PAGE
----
Asunercept – Overview
Apogenix’ lead drug candidate asunercept is a fully human fusion protein that consists of the extracellular domain of the CD95 receptor and the Fc domain of an IgG antibody. Asunercept is being developed for the treatment of solid tumors, malignant hematological diseases, and viral infections, and is being evaluated in the treatment of glioblastoma, myelodysplastic syndromes (MDS), as well as COVID-19.
The excellent tolerability of asunercept was shown in a double-blind, placebo-controlled phase I trial in healthy volunteers. Even the highest dose of 20 mg/kg body weight was very well tolerated and no anti-drug antibodies against asunercept were detected.
Asunercept as a Therapeutic for Solid Tumors
Asunercept inhibits the CD95 ligand which plays an important role in the progression of solid tumors. Depending on the target cell – immune cell or tumor cell – the interaction between the CD95 ligand and the CD95 receptor induces either apoptotic cell death or invasive growth of cells. Consequently, asunercept has a dual mechanism of action.
Mode of Action of Asunercept (APG101)
Inhibition of Tumor Immune Escape
The interaction between the CD95 ligand on tumor endothelial cells and on tumor cells and the CD95 receptor on immune cells leads to the death of apoptosis-sensitive immune cells before they can enter the tumor in order to attack it. This process is called tumor immune escape.
Asunercept blocks the CD95 ligand on tumor endothelial cells and on tumor cells, thereby preventing its interaction with the CD95 receptor on immune cells. As a result, immune cells remain intact and can enter the tumor in order to attack it.
Inhibition of Invasive Growth
The second mechanism by which the CD95 system promotes the growth of solid tumors is the binding of the CD95 ligand to the CD95 receptor on tumor cells. This interaction activates an intracellular signaling pathway that stimulates the invasive growth of tumor cells.
By blocking the CD95 ligand, asunercept prevents the CD95 receptor from binding to its ligand. As a result, the invasive growth of tumor cells is inhibited.
Asunercept for the Treatment of Glioblastoma
In a randomized, controlled phase II efficacy trial in recurrent glioblastoma, treatment with asunercept in combination with radiotherapy has shown statistically significant improvements in progression-free survival at six months, median progression-free survival, and quality of life, as well as a positive trend in overall survival compared to treatment with radiotherapy alone.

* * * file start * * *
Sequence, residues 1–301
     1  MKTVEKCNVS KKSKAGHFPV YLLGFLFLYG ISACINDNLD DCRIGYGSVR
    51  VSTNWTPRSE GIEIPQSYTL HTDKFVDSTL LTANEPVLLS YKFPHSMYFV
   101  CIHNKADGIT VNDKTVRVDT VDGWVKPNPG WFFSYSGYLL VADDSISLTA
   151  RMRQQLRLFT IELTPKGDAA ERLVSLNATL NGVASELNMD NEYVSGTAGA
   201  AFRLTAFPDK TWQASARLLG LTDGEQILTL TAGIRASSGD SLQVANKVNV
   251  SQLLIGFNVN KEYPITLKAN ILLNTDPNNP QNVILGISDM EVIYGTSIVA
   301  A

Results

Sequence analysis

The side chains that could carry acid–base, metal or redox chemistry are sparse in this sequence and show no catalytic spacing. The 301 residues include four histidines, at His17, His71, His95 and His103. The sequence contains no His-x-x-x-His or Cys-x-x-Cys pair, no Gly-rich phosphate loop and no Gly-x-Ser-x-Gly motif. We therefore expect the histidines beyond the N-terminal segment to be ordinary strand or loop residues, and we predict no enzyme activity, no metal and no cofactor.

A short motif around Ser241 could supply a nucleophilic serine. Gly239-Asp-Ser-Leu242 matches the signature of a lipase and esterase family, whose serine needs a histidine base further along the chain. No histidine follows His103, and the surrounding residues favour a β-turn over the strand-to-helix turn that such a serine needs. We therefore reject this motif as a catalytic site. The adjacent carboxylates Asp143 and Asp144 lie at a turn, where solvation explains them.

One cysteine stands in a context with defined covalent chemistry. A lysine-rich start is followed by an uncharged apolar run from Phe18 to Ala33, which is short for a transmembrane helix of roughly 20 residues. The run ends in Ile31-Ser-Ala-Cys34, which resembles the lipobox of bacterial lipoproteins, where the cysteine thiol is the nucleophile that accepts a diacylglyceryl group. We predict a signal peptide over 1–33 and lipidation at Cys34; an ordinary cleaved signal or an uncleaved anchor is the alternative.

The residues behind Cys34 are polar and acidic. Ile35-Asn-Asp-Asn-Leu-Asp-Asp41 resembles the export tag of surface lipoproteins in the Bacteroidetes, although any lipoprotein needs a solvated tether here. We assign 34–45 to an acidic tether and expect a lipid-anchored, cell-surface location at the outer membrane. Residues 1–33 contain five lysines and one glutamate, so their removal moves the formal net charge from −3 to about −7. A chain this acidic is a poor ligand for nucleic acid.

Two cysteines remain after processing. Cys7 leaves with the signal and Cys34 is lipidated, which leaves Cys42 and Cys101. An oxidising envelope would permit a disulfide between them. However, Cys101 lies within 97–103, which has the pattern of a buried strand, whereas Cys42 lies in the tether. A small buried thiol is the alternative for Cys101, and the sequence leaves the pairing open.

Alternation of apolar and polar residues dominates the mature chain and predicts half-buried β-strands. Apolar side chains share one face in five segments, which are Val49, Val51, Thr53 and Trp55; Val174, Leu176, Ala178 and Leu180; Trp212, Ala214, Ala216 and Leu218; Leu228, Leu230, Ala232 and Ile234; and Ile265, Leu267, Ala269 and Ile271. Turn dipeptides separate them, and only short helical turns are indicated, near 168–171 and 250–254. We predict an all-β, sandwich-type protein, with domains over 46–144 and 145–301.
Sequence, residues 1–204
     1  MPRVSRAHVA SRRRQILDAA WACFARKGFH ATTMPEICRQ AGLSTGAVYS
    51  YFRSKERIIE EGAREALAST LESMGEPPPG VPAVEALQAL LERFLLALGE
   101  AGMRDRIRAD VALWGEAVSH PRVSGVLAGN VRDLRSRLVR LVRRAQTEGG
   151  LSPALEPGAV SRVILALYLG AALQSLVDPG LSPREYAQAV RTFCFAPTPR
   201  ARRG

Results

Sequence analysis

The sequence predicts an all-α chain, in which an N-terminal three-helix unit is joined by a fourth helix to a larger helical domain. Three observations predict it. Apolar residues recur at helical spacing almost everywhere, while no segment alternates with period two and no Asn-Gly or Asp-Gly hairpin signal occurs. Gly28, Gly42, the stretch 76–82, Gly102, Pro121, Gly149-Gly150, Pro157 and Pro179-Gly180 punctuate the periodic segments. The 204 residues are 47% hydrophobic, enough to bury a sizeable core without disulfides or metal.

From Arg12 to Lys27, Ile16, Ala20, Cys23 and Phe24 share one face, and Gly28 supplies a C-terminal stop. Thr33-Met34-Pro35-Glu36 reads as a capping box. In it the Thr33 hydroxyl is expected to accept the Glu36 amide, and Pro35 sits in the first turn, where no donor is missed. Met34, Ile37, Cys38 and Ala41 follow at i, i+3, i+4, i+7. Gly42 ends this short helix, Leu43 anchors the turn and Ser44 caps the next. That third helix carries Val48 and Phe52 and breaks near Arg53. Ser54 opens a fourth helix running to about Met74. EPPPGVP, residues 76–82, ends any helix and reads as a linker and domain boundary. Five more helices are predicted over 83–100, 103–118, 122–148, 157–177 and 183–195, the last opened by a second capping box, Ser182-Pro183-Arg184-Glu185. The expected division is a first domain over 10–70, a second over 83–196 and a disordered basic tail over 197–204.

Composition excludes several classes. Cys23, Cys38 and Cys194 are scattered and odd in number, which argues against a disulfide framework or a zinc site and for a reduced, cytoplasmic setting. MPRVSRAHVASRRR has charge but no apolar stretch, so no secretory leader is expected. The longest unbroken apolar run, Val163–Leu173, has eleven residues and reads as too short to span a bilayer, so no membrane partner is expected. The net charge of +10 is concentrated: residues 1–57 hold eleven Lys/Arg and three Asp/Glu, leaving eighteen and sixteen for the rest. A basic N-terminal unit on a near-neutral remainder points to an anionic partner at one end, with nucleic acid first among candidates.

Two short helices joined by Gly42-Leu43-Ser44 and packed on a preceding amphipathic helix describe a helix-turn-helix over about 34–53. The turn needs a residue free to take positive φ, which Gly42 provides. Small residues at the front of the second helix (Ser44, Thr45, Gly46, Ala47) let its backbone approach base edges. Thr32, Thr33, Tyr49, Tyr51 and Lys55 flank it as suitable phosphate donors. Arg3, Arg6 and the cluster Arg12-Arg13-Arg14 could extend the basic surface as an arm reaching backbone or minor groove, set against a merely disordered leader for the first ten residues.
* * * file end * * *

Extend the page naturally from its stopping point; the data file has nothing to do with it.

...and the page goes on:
Glioblastoma patients having a newly-identified biomarker associated with the CD95 ligand – the target of asunercept – experienced the greatest benefit from treatment with asunercept. The trial showed a significant increase in median overall survival in biomarker-positive patients treated with asunercept.
Apogenix is developing a companion diagnostic based on this biomarker to identify glioblastoma patients who will most likely respond best to treatment with asunercept. The biomarker will be validated in future clinical trials and in additional indications, so asunercept can be developed for use as a targeted therapy.
Asunercept for the Treatment of Myelodysplastic Syndromes (MDS)
In MDS, the CD95 ligand inhibits the differentiation and development of red blood cells. Asunercept blocks the CD95 ligand, thereby enabling the maturation of erythrocyte precursor cells to functional erythrocytes. Preclinical studies with bone marrow from MDS patients show that asunercept dose-dependently stimulates erythropoiesis.
Final results from a phase I trial with asunercept in low and intermediate-1 risk MDS patients demonstrated the tolerability as well as activity of the drug candidate - the substance stimulated erythropoiesis and led to a clear decrease in transfusion frequency in this patient population. Apogenix is currently in preparation of phase II proof-of-concept trials to further evaluate the efficacy and safety of asunercept in the treatment of MDS.
Asunercept for the Treatment of COVID-19
Throughout disease progression of viral infections such as COVID-19, CD95L causes severe dysregulation of the immune system. This results in two major pathological problems – reduced lymphocyte counts (lymphopenia) and inflammatory cell death, leading to pneumonia and acute respiratory distress syndrome (ARDS), respectively.
Published data show that CD95 levels are increased in the lung of ARDS patients and cause the inflammatory death of epithelial cells. The addition of CD95L inhibitors prevents epithelial cell death in ARDS and thereby offers new therapeutic options for ARDS.
Newly published evidence indicates that CD95L plays a role in the induction of life-threatening lymphopenia and inflammatory cell death in COVID-19 patients. Studies in Chinese COVID-19 patients consistently report that the severity of lymphopenia correlates with the severity and the outcome of the disease.
By blocking CD95L, asunercept could reduce CD95L-mediated lymphopenia and the excess of inflammatory cell death reported in ARDS patients. By directly targeting two critical pathogenic mechanisms, asunercept could therefore represent a unique therapeutic approach for viral infections such as COVID-19.